I find it harder to come up with a satisfactory |s|. I found a solution with a heavy dexter diagonal as you suggested (second row), and while I really like the airy effect it has in the middle of words, it seems to fall apart a bit at the beginning and end of words. I've also made a third version more closely based on the Wilhelm Klingspor |s|, which looks very fraktury indeed, but after the sober minimalism of the second |s| I find it a bit hard to get used to its aggression. It might very well end up as my |s| of choice, though. I guess I could still offer the other |s|s as stylistic alternates.

Catharsis's picture

Here's a side-by-side comparison of the two candidate |s|s. Maybe I should make the slim version the default |s| of Gryffensee Alternate (to go with the more "legible" capitals), and adopt the Klingspor-style version for Gryffensee?

eliason's picture

FWIW I quite like that third /s/. If you could narrow it a bit I think it could be even stronger.

Catharsis's picture

I've made some slight changes to both new |s| design — narrowed down the Fraktur-style version as you suggested, and reduced the height of the slim version to make it fit better into the x-height optically. I like the idea of shipping the default Gryffensee with the Fraktur-style |s| and Gryffensee Alternate with the slim |s| — it gives each font a bit more individual character.

I've also uploaded updated versions of the PDF samples. I feel the font is pretty much ready now, so I'm probably going to submit it to MyFonts in the next week or so.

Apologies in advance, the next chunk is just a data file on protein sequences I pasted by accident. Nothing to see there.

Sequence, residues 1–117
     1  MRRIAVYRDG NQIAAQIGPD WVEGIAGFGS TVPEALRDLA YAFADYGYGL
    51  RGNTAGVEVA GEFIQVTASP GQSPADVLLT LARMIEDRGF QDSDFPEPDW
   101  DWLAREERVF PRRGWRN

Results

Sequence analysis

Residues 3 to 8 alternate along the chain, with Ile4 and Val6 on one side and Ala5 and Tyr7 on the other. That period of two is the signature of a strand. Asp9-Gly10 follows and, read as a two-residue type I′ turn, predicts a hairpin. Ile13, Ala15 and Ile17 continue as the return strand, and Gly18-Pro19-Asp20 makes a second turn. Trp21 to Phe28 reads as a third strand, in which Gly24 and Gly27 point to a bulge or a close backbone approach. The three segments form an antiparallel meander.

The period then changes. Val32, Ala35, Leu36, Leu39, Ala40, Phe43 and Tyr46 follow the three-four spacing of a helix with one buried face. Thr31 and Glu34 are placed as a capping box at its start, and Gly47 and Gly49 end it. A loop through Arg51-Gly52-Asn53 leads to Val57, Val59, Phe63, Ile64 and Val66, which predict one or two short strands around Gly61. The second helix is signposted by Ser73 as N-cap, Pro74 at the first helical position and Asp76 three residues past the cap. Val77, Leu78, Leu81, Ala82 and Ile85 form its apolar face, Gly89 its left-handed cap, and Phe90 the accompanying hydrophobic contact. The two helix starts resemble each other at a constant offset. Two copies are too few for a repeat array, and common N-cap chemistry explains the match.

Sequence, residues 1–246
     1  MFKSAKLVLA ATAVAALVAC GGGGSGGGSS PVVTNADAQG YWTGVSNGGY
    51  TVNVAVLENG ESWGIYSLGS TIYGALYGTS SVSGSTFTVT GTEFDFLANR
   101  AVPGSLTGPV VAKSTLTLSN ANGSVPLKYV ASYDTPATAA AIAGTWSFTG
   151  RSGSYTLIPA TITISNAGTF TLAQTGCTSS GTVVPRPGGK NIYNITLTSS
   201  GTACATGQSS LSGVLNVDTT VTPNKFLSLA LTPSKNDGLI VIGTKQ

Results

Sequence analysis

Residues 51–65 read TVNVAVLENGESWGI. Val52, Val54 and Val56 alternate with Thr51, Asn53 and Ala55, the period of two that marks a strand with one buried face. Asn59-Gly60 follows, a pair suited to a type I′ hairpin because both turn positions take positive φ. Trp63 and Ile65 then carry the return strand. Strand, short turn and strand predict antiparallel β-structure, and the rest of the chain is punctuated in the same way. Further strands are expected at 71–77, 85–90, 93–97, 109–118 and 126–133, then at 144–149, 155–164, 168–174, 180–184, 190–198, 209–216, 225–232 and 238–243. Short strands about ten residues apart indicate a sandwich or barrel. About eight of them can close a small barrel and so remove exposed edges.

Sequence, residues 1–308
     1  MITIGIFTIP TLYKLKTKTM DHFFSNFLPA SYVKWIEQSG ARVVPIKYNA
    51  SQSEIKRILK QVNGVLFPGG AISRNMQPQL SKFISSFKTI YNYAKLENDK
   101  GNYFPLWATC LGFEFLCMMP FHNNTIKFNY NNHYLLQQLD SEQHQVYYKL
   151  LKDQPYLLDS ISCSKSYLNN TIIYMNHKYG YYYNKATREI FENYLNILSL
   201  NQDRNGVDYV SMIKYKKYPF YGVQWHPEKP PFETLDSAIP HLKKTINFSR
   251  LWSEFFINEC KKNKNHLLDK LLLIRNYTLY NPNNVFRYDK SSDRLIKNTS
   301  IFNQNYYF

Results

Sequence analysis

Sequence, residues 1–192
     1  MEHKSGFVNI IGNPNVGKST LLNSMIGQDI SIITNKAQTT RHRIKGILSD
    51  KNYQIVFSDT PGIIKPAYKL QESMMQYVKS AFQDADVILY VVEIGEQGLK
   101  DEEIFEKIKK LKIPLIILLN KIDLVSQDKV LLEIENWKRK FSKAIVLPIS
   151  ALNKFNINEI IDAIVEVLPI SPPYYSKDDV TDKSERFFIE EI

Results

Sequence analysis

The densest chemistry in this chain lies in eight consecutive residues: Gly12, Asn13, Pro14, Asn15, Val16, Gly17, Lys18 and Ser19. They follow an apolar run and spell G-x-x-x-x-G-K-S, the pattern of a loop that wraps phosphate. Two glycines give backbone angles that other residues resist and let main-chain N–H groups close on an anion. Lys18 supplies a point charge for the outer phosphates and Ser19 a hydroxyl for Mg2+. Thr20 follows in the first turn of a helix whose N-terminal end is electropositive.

Birdseeding's picture

Just chiming in to say that it would be a pity to lose the unusual original /s/, which seems to be the character most clearly embodying this typeface's dual character. The Klingsporish /s/ leans over way too far away from the geometric, those sides do not feel remotely like curve segments.

jbenjamin's picture

I concur, I like these two a lot more:

Maybe you could try an upwards arch instead of a diagonal for the second one...? That said, I think both of those fit better to your actual goal.

Catharsis's picture

OK, I'm getting very mixed responses about those |s|es, here and on TypeDrawers, and I also find my allegiances fluctuating a lot. I've always liked the slim |s|, though — it has a certain understated elegance and embodies the font's geometric, reductionist philosophy very well. I am certainly going to keep it, perhaps even for both cuts of the font.

The Klingspor |s| is pretty, but as Johan remarks, it feels highly non-geometric (although it technically adheres to the rules I've set up); in fact, I find it even somehow manages to undermine the geometric feel of entire words it appears in, yielding the impression of a traditional fraktur font. That can be desirable, of course, but I don't think it should be the main aim of the font.

Conversely, though, my original |s| looks very geometric indeed, almost a bit too freaky. It has no relation whatsoever to established blackletter shapes... and it's too heavy, too.

Alright, then. How about I release the font in three versions? One with the traditional caps and Klingspor |s|, one with the legible caps and the slim |s|, and a third one with the geometric |s| (and possibly the traditional caps?).